XPoint put under the analyst microscope

Good post by Chris Mellor (thank you) over at El Reg

80-page report gets under the skin of memristor-slaying 3D XPoint tech

Semiconductor market researcher Jim Handy of Objective Analysis has produced an 80-page report looking into what XPoint memory is, how it could be used and what its prospects are.

XPoint memory was unveiled by Micron and Intel in July to general amazement. The pair claimed it was 1,000 times faster than NAND, ten times denser and also less costly than DRAM, and would form a new memory hierarchy between DRAM and flash.

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Flash Storage Prices Have a Long Way to Fall. Here’s Why.

Good post by Paul Rubens (thank you)

High-performance flash-based storage is increasingly insinuating itself into enterprise infrastructure. It’s showing up in everything from server caches and directly attached storage to hybrid arrays and fully solid state storage appliances.

But corporate storage requirements are exploding, meaning enterprises will need far more storage capacity — both flash and spinning hard disk storage — in the future.

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IDC Predicts Increasing Cost of Enterprise Hard Disk Drives

Good post by Hu Yoshida (thank you)

IDC’s Worldwide Hard Disk Drive Forecast for 2015 to 2019, published in May 2015, predicts that “Slow HDD areal density (capacity per disk) growth means that a steadily increasing number of components per drive will be needed on average to reach higher capacity points, particularly for the enterprise segment. This dynamic will push the overall blended average HDD ASP higher each year over the forecast period….”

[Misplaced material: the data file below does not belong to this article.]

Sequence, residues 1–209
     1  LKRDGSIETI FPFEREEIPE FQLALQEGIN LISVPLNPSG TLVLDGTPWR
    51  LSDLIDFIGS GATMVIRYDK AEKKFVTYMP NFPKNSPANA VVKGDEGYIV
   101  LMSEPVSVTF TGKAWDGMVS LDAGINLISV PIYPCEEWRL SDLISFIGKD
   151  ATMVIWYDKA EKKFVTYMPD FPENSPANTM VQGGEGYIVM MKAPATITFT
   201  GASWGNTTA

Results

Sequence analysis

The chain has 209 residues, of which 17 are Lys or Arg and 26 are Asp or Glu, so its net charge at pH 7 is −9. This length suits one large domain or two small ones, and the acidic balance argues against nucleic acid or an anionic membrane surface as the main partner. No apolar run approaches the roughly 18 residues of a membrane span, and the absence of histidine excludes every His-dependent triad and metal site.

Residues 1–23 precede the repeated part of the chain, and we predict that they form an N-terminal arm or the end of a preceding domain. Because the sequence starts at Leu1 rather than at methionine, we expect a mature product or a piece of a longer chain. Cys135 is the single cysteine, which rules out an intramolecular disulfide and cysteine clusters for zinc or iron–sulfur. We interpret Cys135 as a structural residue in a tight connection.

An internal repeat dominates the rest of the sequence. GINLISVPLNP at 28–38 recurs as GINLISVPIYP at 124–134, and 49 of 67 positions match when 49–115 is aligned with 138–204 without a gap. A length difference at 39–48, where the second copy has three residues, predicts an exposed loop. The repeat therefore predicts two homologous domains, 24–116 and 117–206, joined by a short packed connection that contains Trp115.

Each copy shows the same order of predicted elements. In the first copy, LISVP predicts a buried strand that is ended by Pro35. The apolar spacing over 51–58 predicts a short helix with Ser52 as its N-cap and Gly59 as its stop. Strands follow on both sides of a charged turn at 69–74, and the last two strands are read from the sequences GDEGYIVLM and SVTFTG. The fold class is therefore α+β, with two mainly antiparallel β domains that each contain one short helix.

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Flash + Object – The Emergence of a Two Tier Enterprise

Post by George Crump (thank you)

For as long as there has been data there has been a quest to consolidate that data onto a single, consolidated storage system, but that quest seems to never be satisfied. The problem is that there are essentially two types of data; active and archive. Active data typically needs fast I/O response time at a reasonable cost. Archive needs to be very cost effective with reasonable response times. Storage systems that try to meet both of these needs in a single system often end up doing neither particularly well. This has led to the purchase of data and/or environment specific storage systems and storage system sprawl.

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VVOLs are more than just “per-VM”storage volumes

Good post by Luca Dell’Oca (thank you)

As I’m following closely the growth and evolution of this new technology for vSphere environments, and I’m still in search of a solution to play with VVOLs in my lab, I’ve found an article on the blogosphere and some additional comments on Twitter that made me re-think a bit about the real value of VVOLs.

It’s just a “per-VM” storage?

The original article comes from one of my favorite startups, Coho Data. In this article Suzy Visvanathan explains how Coho being an NFS-based storage doesn’t really need to support VVOLs.

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HGST’s new 10TB drive: Not for everyone

Post by Robin Harris (thank you)

WD’s HGST division announced today an industry first 10TB hard drive. The leading-edge technologies in it make it a hard act for Seagate to follow. Here’s why.